Feb 13, 2016, 3:46:44 PM2/13/16

to idris...@googlegroups.com

On Sat, Feb 13, 2016 at 12:36 PM, Kevin Mahoney <ke...@kevinmahoney.co.uk> wrote:

At first I was confused why 'Eq' is not good enough, but I think I have it.

In short: 'Eq' is not specific enough. You can implement 'Eq' to do anything at all, including returning true for any combination of inputs. That means it (1) isn't guaranteed to match the type system's notion of equality as used by Elem, and (2) is often less useful for proofs in general, because it's less strict.

As David said, DecEq is designed in a way where you *can't *implement it in a ridiculous way. (Well, without some serious gymnastics.) In addition to the "equality" result, an implementation of 'decEq' hands back a proof of type system equality that the type checker (and thus proofs) will accept.

Having both concepts in the language tends to confuse noobs, and can lead to impedance mismatches in real programs (where one module is using Eq and the other needs DecEq). But it's not clear that we could, say, discard Eq, in part because implementations may be more efficient than DecEq, and in part because you can't currently use a decEq result in an if statement. :-)

-Cliff

Feb 13, 2016, 4:11:49 PM2/13/16

to idris...@googlegroups.com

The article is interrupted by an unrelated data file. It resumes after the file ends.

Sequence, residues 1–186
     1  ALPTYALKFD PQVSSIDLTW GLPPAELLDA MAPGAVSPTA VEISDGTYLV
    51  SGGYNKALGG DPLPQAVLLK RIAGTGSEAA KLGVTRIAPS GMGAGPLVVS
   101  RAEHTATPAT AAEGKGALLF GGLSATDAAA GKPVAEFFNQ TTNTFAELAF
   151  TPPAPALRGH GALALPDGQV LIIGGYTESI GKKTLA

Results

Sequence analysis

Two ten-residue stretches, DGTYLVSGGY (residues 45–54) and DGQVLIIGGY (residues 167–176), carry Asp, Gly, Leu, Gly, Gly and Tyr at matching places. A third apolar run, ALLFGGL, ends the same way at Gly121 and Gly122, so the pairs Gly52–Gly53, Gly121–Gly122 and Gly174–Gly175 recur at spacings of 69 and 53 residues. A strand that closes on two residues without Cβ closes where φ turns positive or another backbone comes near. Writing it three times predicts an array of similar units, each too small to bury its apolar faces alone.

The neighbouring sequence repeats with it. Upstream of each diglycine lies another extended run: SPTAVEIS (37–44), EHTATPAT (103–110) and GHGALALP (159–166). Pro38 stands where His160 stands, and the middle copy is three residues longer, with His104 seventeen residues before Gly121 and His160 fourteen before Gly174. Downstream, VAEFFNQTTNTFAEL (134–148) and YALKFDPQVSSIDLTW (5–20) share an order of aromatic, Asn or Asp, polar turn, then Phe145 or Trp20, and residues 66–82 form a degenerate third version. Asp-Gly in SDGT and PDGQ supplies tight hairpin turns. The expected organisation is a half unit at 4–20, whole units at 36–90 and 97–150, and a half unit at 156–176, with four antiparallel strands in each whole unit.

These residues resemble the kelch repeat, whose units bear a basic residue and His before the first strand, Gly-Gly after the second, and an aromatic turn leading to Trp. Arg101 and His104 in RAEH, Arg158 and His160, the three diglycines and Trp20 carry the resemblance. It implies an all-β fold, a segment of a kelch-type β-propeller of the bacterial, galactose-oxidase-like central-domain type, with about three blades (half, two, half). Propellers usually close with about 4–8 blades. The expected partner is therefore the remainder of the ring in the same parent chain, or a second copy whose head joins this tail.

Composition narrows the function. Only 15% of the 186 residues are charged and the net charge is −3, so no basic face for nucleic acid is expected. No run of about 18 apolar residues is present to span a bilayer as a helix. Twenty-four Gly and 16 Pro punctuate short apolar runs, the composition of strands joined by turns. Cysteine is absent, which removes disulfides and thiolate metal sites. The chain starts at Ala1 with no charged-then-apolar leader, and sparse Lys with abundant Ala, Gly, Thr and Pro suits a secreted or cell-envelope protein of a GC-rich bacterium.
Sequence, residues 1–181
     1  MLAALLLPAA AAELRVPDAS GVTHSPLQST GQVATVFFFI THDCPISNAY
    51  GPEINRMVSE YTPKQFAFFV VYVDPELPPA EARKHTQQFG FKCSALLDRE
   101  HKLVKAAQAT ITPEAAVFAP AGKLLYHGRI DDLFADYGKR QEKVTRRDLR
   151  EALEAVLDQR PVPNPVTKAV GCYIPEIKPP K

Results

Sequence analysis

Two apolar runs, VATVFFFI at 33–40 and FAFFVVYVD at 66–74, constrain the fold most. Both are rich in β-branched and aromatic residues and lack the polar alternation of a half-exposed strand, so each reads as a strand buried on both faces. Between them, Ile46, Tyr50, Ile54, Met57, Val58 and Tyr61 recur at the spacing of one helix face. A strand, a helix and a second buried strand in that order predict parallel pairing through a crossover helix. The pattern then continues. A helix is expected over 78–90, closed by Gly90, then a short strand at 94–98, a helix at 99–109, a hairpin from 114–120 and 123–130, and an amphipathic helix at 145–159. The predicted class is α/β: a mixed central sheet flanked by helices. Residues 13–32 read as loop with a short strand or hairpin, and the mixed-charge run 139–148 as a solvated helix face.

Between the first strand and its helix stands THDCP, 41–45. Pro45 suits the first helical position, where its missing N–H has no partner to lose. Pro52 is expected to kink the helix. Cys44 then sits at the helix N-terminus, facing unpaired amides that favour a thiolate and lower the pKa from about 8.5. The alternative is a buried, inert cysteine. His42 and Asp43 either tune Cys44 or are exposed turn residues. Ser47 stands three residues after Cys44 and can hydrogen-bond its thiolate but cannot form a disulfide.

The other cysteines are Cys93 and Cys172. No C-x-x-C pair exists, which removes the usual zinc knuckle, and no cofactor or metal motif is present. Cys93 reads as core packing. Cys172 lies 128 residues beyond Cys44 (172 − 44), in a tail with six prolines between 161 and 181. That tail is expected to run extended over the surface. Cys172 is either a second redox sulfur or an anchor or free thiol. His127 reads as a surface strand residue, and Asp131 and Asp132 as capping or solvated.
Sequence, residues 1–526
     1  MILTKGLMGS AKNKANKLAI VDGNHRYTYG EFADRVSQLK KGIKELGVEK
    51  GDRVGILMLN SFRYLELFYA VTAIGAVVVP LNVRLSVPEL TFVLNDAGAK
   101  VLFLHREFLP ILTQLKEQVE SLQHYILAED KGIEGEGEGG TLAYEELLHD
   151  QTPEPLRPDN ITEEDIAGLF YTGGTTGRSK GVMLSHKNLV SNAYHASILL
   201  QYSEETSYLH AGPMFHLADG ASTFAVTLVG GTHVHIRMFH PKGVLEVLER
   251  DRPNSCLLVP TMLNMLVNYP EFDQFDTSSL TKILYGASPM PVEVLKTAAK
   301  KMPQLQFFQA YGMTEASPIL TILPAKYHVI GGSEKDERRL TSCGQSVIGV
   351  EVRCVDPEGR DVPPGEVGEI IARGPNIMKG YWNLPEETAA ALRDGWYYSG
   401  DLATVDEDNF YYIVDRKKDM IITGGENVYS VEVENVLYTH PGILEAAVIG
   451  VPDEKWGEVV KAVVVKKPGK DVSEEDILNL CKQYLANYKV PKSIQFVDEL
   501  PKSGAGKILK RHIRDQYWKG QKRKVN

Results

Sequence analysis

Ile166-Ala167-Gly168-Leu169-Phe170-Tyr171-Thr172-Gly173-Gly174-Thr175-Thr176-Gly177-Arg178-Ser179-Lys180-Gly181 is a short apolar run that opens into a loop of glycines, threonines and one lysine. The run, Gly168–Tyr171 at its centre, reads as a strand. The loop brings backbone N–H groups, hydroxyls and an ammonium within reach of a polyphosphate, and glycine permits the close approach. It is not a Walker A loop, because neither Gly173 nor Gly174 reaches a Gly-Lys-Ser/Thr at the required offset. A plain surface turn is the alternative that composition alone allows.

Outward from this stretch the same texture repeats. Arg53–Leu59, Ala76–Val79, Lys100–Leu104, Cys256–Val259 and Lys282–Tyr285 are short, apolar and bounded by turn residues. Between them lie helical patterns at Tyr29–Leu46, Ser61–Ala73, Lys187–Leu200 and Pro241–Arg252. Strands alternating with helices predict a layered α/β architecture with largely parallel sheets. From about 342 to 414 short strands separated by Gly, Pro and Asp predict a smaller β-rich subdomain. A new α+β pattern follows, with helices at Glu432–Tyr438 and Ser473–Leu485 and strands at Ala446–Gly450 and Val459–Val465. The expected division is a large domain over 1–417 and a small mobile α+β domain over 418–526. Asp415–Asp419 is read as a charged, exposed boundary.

On 13/02/16 15:36, Kevin Mahoney wrote:

> Thank you David, that's really helpful!

Glad to hear it!
> Thank you David, that's really helpful!

> At first I was confused why 'Eq' is not good enough, but I think I have it.

> Am I right in thinking that another way around that would be to keep the

> 'Eq' typeclass, but instead of 'Elem' for the proof, using something like

> 'Any (/x => x == elem)' ?

> I think I understand the approach to the proof, if not the details, and in

> fact I'd noticed the relationship between Fin and the Elem constructors

> myself. I just didn't know how to use it!

mathematical proofs unless you really squint. Hopefully the comments

bridged the gap a bit.

> In any case, your type signature for findIndexOk is enough for me to

> complete my article. I will link to your post for readers curious enough

> for a full explanation.

few times, so hopefully it's not just nonsense in their ears.

/David

Feb 13, 2016, 4:17:28 PM2/13/16

to idris...@googlegroups.com

On 13/02/16 15:46, Cliff L. Biffle wrote:

> Having both concepts in the language tends to confuse noobs, and can lead

> to impedance mismatches in real programs (where one module is using Eq and

> the other needs DecEq). But it's not clear that we could, say, discard Eq,

> in part because implementations may be more efficient than DecEq, and in

> part because you can't currently use a decEq result in an if statement. :-)

Even worse: DecEq may be too specific for some uses, and ensuring
> Having both concepts in the language tends to confuse noobs, and can lead

> to impedance mismatches in real programs (where one module is using Eq and